LEAD Marketing

How to Retain Employees, Part I

Expertise  / How to Retain Employees, Part I
Heather Burnette HR at LEAD Marketing

How to Retain Employees, Part I

Many employers think they can keep their workforce happy simply by rewarding them financially (i.e. salary). While compensation is important, studies find that it is not the number one reason employees will stay with your company. There are many ways to ensure employees don’t want to leave your company.


Some studies are finding that recognition is the most important component of employee happiness. Recognition is a powerful form of feedback and there are various ways to hand it out. Recognition is best when it comes from both peers and managers. Setting up a platform so that peers can acknowledge a job well done will help foster a social connection between staff, which also helps to retain employees (discussed more in depth later). Making feedback continuous and immediate is important. The happiest employees are the ones that have been recognized within the last month. Continuous feedback also sends the message that success and accomplishments are valuable to the company because they are always at the forefront and not ignored for 364 days of the year. If your company has a clear mission and acknowledges employees for upholding it, it gives them a great connection and purpose to their work. This makes job satisfaction soar.

Social Connection Between Co-Workers

It is quite simple – relationships among co-workers retain employees. Co-workers don’t need to be best friends. However, encouraging your office to be a place where people enjoy each others company is a must for a happy workplace. Management can help by providing an avenue for employees to get to know each other on professional and personal levels. One way to do this is to encourage communication and support between employees (hello, recognition?!?). Help make your employees “teammates” instead of “co-workers.” As a new employee is brought on board, help them get to know your staff and not feel like an outsider. You can increase social connections between employees without a lot of time or money spent, but that small investment can pay off big for your company.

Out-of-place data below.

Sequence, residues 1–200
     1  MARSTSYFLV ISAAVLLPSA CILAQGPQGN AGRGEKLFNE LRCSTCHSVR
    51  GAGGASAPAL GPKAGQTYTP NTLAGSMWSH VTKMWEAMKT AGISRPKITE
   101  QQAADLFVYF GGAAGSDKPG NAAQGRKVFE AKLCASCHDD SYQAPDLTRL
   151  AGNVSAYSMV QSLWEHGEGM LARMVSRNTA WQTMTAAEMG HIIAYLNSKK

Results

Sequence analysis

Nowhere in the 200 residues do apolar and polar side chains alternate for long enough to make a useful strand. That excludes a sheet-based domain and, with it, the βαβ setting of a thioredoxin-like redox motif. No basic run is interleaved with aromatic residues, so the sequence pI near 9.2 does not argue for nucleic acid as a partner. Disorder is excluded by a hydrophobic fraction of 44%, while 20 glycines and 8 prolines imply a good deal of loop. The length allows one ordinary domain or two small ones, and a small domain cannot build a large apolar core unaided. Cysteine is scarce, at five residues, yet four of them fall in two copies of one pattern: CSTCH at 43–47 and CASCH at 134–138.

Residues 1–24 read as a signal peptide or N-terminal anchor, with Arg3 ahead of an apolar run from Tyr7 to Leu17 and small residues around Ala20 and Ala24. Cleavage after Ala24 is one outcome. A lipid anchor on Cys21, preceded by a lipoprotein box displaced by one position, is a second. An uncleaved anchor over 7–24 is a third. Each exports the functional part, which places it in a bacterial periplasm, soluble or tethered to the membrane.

Relationship with Management

Many of the above points relate to this area as well. As a boss or manager, if you are closed-off, uncommunicative, and not willing to spend time encouraging a positive relationship with your employees…why would they want to work for you? A positive relationship leads to an environment where people have a deeper connection to their job and employer. Again, this can be cost-free and take minimal time. Make it a point to know a bit about the lives of your employees and have a conversation that doesn’t involve work. Of course, there are some employees that will resist a relationship with the boss, it’s important to know who is working for you and get to know them in a way in which they are comfortable.

Keep in Touch with Employees

Communication, communication, communication! To know if your employees are happy, ASK THEM! Know how they feel about their workload, office space, and pending projects. Schedule formal reviews (annually, quarterly, or monthly – whatever makes sense for your company) and informal conversations. Have an honest dialogue, mean what you say and say what you mean. This will encourage staff to be honest with you as well. By having their voice heard they will feel they are an integral part of the team and a valued member of your organization. And guess what? This makes them want to stay with your company!

Please stay posted for part 2 of How to Retain Employees.

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